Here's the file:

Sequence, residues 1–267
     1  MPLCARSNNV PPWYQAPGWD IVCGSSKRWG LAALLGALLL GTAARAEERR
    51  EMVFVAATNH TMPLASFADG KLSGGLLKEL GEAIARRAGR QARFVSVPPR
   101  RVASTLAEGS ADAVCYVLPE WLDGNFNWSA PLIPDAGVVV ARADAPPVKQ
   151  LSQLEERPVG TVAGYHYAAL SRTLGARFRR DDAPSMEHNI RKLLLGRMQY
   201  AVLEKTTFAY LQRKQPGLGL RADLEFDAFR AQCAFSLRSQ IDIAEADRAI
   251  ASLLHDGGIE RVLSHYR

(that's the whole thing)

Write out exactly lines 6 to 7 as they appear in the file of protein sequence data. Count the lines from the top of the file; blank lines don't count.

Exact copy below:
   201  AVLEKTTFAY LQRKQPGLGL RADLEFDAFR AQCAFSLRSQ IDIAEADRAI
   251  ASLLHDGGIE RVLSHYR